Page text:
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    The National Nuclear Security Administration (NNSA) did not consider cost estimates in early major design decisions for the W87-1 warhead because it was not required to do so, but NNSA has since changed its guidance to require that cost be considered, according to a May 2019 NNSA review of program documentation. The design decisions that remain for features that would achieve either minimum or enhanced requirements for the W87-1 could affect cost, according to NNSA officials (see table). We found, however, that NNSA did not yet have study plans for assessing the costs and benefits of the remaining decisions consistent with best practices as detailed in NNSA's analysis of alternatives business procedure. NNSA does not require and only recommends that programs such as the W87-1 follow these best practices. By directing the W87-1 program and future weapons programs to follow best practices for design studies, or to justify and document deviations, NNSA would have better assurance that design studies apply consistent, reliable, and objective approaches. NNSA Cost Estimates for W87-1 Warhead Design Variations That Meet Minimum and Enhanced Requirements, as of December 2018 (Dollars in billions) W87-1 design variations Cost estimate rangea Design includes features that meet minimum safety and security requirements 7.7 - 13.3 Design includes enhanced safety and security features 8.6 - 14.8 Difference between the above estimate ranges 0.9 - 1.5 Source: National Nuclear Security Administration (NNSA) documentation | GAO-20-703 aThe cost ranges reflect low and high estimates for a single design variation. The ranges represent technical and production risk and uncertainty. It is not clear that NNSA will be able to produce sufficient numbers of pits—the fissile cores of the primary—to meet the W87-1 warhead's planned production schedule. Recent NNSA and independent studies have cast doubt on NNSA's ability to ready its two planned pit production facilities in time. If one facility is not ready to produce pits in the early 2030s, for example, NNSA would likely produce fewer weapons than planned, according to GAO's analysis of NNSA plans. We were unable to fully assess the extent to which the two pit production facilities will be ready to produce pits for the W87-1 because NNSA's plutonium program—which is managing the facility readiness efforts—has not yet completed an integrated schedule for the overall pit production effort. An integrated schedule is important, according to best practices, because it integrates the planned work, resources, and budget. An NNSA official stated that the program was building a schedule, but could not provide documentation that it would meet best practices. A schedule consistent with best practices would provide NNSA with better assurance that it will have adequate pits to meet planned W87-1 production. This is a public version of a classified report that GAO issued in February 2020. Information that NNSA or DOD deemed classified or sensitive has been omitted. The Department of Defense (DOD) and NNSA restarted a program in fiscal year 2019 to replace the capabilities of the aging W78 nuclear warhead with the W87-1. NNSA made key design decisions for this weapon from 2010 until the program was paused in 2014. NNSA estimated in December 2018 that the W87-1 would cost $8.6 billion to $14.8 billion, which could make it the most expensive warhead modernization program to date. NNSA plans to newly manufacture the entire warhead, including the two major nuclear components, called the primary and secondary, using facilities it is modernizing or repurposing. You asked us to examine plans for the W87-1 warhead. This report examines, among other things, the extent to which NNSA (1) considered cost estimates in prior design decisions for the W87-1 and the potential effects of remaining design decisions on program cost, and (2) will be able to produce sufficient numbers of key nuclear components to meet W87-1 production needs. GAO reviewed NNSA documentation on prior and remaining design decisions and preliminary cost estimates, reviewed warhead and component production schedules, and interviewed NNSA and DOD officials. GAO is making four recommendations, including that NNSA require programs such as the W87-1 to follow analysis of alternatives best practices when studying design options and that the plutonium program build an integrated schedule consistent with schedule best practices. NNSA generally agreed with the recommendations. For more information, contact Allison B. Bawden at (202) 512-3841 or bawdena@gao.gov.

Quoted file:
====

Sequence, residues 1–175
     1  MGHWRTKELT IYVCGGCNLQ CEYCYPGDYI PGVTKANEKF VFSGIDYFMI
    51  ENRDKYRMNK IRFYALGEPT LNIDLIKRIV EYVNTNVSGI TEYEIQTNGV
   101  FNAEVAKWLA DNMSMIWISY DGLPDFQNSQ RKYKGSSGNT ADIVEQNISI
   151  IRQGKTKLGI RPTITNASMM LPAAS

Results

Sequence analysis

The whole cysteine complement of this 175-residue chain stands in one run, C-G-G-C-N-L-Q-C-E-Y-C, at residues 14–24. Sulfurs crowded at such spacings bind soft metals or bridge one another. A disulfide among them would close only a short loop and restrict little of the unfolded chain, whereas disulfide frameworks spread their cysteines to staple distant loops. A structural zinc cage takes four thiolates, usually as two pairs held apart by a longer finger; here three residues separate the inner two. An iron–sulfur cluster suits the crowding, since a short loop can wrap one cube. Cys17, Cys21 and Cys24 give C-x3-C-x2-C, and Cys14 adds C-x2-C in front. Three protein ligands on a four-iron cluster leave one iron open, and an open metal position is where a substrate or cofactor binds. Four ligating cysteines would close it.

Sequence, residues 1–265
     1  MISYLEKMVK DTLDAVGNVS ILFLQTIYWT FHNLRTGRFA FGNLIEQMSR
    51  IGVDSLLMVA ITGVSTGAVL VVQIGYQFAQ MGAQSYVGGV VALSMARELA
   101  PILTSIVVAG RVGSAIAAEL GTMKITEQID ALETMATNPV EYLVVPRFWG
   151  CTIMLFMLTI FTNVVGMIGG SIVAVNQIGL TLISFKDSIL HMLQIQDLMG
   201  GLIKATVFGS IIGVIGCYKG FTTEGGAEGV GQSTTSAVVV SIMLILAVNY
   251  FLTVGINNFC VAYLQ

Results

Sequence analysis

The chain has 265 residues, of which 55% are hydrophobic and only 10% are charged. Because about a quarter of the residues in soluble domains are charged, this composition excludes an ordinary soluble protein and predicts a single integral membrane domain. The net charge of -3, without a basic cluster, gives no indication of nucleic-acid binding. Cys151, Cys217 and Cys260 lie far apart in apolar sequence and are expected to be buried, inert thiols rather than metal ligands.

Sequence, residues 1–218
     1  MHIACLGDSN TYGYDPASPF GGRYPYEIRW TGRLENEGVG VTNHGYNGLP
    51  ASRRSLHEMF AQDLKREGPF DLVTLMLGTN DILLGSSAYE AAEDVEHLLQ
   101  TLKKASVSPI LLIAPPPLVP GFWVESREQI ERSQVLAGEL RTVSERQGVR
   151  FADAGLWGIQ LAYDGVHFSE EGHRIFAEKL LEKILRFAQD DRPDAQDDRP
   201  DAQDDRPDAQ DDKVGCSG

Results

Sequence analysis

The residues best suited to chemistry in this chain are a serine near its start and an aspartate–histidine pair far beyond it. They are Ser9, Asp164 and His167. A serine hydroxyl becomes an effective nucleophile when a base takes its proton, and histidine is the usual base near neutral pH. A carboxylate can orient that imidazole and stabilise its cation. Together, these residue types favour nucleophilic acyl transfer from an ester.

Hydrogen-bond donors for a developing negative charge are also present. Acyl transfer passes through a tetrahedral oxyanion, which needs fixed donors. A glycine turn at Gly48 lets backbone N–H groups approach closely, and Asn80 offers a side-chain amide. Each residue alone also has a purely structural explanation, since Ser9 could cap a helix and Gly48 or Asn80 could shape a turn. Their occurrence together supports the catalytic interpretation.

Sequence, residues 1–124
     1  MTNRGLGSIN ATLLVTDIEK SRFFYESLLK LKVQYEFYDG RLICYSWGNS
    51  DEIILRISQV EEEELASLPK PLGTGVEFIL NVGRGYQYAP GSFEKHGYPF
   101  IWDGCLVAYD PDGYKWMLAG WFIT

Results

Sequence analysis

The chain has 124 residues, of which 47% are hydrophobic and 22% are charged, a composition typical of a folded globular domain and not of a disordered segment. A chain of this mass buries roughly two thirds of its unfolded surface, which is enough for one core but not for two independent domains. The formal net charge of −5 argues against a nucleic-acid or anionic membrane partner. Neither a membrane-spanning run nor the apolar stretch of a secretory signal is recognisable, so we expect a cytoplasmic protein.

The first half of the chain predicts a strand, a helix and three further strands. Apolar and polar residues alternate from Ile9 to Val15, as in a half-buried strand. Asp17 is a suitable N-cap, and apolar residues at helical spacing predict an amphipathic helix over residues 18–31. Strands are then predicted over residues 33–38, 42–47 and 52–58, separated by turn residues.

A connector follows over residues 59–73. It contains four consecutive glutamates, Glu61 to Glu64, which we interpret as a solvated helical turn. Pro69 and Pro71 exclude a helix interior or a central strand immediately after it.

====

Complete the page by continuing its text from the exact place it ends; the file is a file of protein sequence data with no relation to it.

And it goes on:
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    In Crime News
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    In Crime News